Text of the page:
A surface coating is only as good as the surface coating preparation and the environmental conditions throughout the process. Without the ideal coating materials and ambient conditions, the coating material might fall victim to corrosion or fail to adhere to a substrate correctly. Since premature failures are generally the result of preventable circumstances, knowing what to monitor and consider will help ensure a successful coating application, prevent timeline delays and avoid budgetary problems.
Why a Surface Coating Fails
Improper surface coating preparation: Even when using a coating that’s suitable for the intended environment, a substrate’s cleanliness affects the coating’s performance. The goal of surface coating preparation is to free the substrate of contaminants, such as:
- Weld splatter and fumes
- Dirt, dust, and other particulates
- Welding burn-through
- Ionic species
The best method for cleaning a substrate depends on its composition, age, the contaminants found on its surface, and the type of coating that already exists on its surface.
Lack of monitoring: Successful coatings require constant monitoring and control of the ambient conditions from the moment that the surface preparation tasks begin to at least 48 hours after applying the final coat. If conditions do not remain ideal between the cleaning and coating process or between each coating, the surface is at high risk for contamination and oxidation.
Uncontrolled temperatures and relative humidity levels: In general, the best temperatures in which to apply a surface coating are between 56°F and 99°F, depending on the coating type and manufacturer’s instructions. Temperatures that are too hot cause coatings to dry too quickly, while lower air temperatures delay drying and curing times.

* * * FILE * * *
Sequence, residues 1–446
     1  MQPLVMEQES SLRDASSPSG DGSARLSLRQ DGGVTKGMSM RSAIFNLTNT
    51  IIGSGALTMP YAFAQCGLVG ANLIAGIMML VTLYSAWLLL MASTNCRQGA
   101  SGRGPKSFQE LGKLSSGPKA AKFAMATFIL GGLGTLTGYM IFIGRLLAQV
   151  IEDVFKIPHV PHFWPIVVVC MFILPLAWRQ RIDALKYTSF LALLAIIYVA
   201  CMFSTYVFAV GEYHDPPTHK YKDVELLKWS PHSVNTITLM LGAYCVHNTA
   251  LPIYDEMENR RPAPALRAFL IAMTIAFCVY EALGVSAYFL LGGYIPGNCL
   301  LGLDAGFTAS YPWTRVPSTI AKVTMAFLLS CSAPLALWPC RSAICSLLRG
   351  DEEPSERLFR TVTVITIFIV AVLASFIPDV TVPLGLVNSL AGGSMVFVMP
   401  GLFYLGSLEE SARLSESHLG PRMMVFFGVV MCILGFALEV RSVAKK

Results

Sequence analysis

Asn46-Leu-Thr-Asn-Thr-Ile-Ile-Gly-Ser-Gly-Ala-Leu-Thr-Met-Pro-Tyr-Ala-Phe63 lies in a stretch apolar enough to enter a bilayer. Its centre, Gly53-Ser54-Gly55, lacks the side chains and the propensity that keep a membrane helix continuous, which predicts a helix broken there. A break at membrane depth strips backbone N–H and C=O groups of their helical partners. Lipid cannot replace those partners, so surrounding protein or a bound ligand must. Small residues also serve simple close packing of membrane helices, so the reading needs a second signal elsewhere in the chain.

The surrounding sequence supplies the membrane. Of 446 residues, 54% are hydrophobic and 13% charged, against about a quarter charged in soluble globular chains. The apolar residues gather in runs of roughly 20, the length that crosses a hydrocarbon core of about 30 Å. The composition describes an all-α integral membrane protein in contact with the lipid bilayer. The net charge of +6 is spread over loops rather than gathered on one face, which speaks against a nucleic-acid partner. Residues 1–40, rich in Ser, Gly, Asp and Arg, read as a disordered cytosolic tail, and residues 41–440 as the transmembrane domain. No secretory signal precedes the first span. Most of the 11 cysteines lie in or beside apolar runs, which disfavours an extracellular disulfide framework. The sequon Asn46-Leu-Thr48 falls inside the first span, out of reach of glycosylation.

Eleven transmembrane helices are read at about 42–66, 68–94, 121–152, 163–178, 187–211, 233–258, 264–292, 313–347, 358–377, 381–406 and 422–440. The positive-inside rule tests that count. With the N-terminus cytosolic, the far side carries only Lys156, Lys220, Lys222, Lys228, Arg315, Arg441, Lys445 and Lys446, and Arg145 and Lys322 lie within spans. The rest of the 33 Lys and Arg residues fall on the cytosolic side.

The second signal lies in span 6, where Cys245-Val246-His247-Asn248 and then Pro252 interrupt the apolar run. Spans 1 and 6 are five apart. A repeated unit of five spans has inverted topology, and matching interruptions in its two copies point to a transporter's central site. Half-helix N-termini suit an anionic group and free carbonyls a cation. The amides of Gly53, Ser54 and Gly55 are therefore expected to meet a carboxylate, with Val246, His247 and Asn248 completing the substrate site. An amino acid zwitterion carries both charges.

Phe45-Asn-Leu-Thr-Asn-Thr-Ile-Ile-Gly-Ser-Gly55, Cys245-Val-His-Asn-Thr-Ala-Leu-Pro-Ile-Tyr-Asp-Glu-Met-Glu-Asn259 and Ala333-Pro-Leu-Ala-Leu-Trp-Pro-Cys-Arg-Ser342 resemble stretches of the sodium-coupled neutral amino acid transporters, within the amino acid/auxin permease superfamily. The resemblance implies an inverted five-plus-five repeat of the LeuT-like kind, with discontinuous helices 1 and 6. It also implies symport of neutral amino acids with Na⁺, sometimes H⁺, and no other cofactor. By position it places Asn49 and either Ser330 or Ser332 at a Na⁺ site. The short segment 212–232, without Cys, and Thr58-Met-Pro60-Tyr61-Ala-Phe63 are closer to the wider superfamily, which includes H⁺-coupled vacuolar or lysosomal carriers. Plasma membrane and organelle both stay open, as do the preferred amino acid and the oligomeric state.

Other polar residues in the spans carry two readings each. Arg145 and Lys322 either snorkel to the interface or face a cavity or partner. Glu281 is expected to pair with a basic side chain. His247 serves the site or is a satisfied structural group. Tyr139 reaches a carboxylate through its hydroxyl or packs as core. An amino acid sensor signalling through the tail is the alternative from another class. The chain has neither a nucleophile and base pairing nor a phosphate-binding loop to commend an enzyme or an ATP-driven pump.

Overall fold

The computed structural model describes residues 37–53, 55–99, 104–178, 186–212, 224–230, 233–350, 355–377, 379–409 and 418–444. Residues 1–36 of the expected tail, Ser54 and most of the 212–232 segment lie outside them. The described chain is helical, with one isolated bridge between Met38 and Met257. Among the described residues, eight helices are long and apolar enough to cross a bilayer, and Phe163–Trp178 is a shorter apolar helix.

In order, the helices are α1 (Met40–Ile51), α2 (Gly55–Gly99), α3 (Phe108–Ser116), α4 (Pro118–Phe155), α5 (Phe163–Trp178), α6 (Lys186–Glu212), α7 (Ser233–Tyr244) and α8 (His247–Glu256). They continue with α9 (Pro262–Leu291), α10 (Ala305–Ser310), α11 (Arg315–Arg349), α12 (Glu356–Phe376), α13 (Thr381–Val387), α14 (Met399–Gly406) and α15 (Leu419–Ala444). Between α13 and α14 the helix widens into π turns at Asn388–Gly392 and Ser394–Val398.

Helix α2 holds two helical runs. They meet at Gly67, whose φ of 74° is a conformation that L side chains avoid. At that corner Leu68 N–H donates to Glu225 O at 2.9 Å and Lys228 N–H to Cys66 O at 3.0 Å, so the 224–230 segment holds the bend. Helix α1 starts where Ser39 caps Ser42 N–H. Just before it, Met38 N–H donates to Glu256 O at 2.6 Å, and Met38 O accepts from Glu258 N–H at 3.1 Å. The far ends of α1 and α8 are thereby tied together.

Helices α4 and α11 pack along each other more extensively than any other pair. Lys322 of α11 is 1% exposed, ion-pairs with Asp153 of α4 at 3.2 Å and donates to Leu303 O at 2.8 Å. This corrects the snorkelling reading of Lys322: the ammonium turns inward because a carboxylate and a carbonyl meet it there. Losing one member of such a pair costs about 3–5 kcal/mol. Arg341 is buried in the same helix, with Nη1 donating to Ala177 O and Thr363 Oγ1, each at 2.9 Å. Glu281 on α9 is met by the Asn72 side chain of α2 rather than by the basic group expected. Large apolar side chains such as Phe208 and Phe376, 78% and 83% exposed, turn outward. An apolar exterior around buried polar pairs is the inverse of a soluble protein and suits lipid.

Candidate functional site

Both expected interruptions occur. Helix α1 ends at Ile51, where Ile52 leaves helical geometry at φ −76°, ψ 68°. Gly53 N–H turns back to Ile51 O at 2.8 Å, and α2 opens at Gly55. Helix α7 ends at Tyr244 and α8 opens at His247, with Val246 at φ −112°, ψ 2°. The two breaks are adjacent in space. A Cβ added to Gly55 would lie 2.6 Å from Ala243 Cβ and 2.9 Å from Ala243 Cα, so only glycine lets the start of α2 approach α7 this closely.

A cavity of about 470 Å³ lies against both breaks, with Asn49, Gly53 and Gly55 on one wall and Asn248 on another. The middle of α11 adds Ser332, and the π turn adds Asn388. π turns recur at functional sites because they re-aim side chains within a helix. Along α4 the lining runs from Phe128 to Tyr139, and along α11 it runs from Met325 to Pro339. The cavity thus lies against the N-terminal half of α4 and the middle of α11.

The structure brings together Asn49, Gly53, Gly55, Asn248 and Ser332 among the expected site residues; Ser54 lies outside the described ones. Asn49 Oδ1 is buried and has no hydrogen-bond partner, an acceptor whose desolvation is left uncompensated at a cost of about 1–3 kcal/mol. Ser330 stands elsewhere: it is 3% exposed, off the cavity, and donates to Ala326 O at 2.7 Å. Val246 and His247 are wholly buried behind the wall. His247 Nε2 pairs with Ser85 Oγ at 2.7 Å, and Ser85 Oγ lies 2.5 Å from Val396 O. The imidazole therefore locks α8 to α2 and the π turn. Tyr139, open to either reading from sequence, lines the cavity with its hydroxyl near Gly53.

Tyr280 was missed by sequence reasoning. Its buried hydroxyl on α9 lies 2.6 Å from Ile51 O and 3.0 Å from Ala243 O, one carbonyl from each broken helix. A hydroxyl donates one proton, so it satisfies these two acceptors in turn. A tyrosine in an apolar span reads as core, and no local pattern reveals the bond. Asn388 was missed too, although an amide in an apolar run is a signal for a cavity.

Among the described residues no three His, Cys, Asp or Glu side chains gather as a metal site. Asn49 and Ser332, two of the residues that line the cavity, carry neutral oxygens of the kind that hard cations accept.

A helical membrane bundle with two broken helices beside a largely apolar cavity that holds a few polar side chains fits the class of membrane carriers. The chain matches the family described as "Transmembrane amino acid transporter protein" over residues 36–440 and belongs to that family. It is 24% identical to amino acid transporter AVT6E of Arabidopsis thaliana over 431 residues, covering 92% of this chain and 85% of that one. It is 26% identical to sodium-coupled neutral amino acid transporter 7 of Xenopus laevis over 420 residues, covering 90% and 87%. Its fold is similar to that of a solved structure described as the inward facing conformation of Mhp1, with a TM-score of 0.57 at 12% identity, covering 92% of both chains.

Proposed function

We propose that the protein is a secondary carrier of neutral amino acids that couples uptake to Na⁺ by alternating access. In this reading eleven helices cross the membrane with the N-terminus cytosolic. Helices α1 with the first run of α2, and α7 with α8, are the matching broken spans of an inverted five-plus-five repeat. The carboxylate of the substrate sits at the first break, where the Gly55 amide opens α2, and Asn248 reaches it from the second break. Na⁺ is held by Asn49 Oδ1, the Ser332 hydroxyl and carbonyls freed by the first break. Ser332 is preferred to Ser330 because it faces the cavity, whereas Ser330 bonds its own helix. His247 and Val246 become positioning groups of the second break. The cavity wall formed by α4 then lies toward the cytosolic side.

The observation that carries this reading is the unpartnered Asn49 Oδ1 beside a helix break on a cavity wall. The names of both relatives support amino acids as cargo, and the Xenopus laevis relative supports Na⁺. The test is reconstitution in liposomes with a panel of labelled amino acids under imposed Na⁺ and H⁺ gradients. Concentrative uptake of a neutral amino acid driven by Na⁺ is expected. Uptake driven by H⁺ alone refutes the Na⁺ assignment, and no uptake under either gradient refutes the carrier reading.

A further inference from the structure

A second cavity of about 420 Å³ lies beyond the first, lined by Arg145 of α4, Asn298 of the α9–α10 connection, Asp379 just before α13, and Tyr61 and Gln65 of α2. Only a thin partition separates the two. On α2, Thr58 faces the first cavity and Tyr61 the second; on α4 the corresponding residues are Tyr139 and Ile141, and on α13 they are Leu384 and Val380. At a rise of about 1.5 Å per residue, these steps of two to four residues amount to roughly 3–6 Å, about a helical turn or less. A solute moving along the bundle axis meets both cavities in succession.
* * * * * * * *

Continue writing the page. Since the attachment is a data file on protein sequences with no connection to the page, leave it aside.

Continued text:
Inadequate surface temperatures: During the day, a surface may absorb heat, making it hotter than the air’s temperature—similar to a metal slide on a summer day. At night, the surface will radiate the heat that it absorbed. The temperature changes affect the coating’s adhesion and promote the formation of condensation. Resulting problems include catering, pin holing, blistering, and oxidation. Depending on the dew point, surface temperatures should match the manufacturer’s specifications and air temperatures, which should remain constant throughout the process.
Poor ventilation: A lack of ventilation leads to the accumulation and entrapment of solvents, which negatively affect coating applications. It may also promote oxidation and mold growth. It is best to use a forced ventilation system during the surface preparation and coating processes, and for at least 48 hours after the final coating application.
The weather is unreliable and HVAC systems cannot effectively provide adequate conditions for surface coating projects. The best proactive approach to meet deadlines, stay within budget and ensure the success of a surface coating is with Polygon’s temporary humidity control solutions. Specialists custom design the equipment for your exact needs to give you the ultimate control over ambient conditions and keep your crew productive. Get in touch with Polygon today to learn more and schedule a complimentary consultation.
[Photo from Håkan Dahlström via CC License 2.0]